How enduring the repairs to a congenital heart defect is depends on the situation. Many repairs to congenital heart defects can endure through the child’s lifetime. Babies who are born with more severe defects, such as single ventricle congenital heart disease, will require three surgeries in their first three years of life.
What is the life expectancy of a baby with a congenital heart defect?
The life expectancy of each baby with a congenital heart defect depends on that baby’s specific set of circumstances, including the type and complexity of the defect as well as any other associated birth defects or chromosomal abnormalities. Since complex open heart surgery first began in the 1950s, not enough time has passed to study someone who has lived to the age of 70 or 80 following surgery early in life. With many of the more straightforward cardiac defects, such as holes in the heart that get repaired early in life, we would expect life expectancy to approach that of a normal, healthy human being who did not have heart surgery.
We have come a long way in the treatment of most heart defects. With modern surgery tools and techniques, medicine and technology, physicians can do a great deal to help normalize the physiology of a heart so that even with severe congenital defects, children can have a good quality of life and survive for decades.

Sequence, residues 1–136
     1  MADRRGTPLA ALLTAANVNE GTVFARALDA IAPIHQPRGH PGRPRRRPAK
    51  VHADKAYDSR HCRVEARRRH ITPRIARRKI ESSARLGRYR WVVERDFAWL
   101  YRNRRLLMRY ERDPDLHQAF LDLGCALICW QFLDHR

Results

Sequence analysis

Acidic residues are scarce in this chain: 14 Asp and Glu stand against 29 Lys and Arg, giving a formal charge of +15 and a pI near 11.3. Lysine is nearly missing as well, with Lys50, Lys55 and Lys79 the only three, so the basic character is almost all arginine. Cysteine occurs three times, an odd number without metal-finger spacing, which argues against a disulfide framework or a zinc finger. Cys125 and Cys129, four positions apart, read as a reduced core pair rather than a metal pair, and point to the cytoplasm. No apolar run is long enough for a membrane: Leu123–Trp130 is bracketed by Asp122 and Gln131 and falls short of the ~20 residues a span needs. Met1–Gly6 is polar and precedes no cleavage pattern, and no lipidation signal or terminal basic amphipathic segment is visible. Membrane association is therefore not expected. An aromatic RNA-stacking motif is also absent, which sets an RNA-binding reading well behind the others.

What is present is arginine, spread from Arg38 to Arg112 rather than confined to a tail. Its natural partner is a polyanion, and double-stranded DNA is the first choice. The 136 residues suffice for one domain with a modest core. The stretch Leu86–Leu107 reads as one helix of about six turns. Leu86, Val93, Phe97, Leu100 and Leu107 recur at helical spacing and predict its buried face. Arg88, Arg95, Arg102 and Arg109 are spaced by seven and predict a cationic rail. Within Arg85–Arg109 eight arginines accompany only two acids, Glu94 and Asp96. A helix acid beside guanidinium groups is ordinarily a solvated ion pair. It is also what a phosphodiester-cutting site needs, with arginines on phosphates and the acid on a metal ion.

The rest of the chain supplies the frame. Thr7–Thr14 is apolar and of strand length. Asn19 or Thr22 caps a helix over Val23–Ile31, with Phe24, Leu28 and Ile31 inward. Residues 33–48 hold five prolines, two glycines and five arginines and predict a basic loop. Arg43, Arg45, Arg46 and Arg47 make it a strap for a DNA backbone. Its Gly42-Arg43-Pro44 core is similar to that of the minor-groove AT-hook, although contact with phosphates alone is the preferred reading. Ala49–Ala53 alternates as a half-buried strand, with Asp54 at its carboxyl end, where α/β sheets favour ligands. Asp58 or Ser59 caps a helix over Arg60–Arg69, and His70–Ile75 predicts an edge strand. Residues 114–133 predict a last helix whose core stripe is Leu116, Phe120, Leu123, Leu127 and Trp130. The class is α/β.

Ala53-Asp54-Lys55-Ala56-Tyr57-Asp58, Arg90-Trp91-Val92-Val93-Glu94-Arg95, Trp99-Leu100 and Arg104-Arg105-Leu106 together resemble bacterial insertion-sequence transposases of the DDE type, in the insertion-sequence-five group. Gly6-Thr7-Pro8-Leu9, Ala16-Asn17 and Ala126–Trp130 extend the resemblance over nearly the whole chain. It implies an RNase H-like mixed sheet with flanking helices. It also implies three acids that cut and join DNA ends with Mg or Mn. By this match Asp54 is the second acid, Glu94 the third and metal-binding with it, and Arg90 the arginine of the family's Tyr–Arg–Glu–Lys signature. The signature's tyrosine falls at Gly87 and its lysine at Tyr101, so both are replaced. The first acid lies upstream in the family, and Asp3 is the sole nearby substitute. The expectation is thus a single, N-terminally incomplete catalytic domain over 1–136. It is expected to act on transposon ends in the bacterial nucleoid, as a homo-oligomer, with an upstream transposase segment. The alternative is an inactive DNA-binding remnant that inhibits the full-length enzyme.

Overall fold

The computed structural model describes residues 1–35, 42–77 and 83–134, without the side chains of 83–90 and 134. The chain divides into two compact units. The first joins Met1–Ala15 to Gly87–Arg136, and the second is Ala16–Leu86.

How do medications treat congenital heart disease?
While not a cure, medications can help manage the symptoms of congenital heart disease and can be used to treat babies after they are born or while they are still in the womb. Certain medications can help remove some of the lung congestion that is often present in babies with heart defects, allowing the baby’s body to function more efficiently until surgery fixes the particular condition. We can also safely treat rhythm abnormalities in utero by giving the mother medications that cross the placenta to prevent congestive heart failure in the baby.
Will my baby with a heart defect always need a feeding tube?
No, that would be extremely rare, but your baby may need the help of a feeding tube until his or her heart is repaired and functioning more efficiently. However, a feeding tube is a very unlikely long-term need.
How are congenital heart defects diagnosed?
One of the tools used for diagnosing congenital heart defects is a fetal echocardiogram, or fetal echo. This is an ultrasound — an imaging test using sound waves with no radiation exposure — like the one used for routine pregnancy exams and to find out the sex of the baby. A fetal echo focuses specifically on producing pictures of a baby’s heart while the baby is in the mother’s womb. The optimal time to perform a fetal echo is between 16 and 22 weeks into a pregnancy.
Why would my child need a heart catheterization for congenital heart defects?
A heart catheterization can provide extra information about the anatomy and physiology of a child’s heart that is helpful as the physician determines the best repair for the congenital heart defect. A heart catheterization allows the physician to see certain areas and make precise measurements that let us know if the baby is a good candidate for surgery. Additionally, there are certain heart defects that can be repaired with the use of trans-catheter techniques, thus avoiding surgery. For example, some holes in certain locations of the heart can be closed by putting a catheter through the hole and deploying a device that plugs up the hole. On the other hand, sometimes a valve that is too narrow can be widened with a balloon, done via catheterization.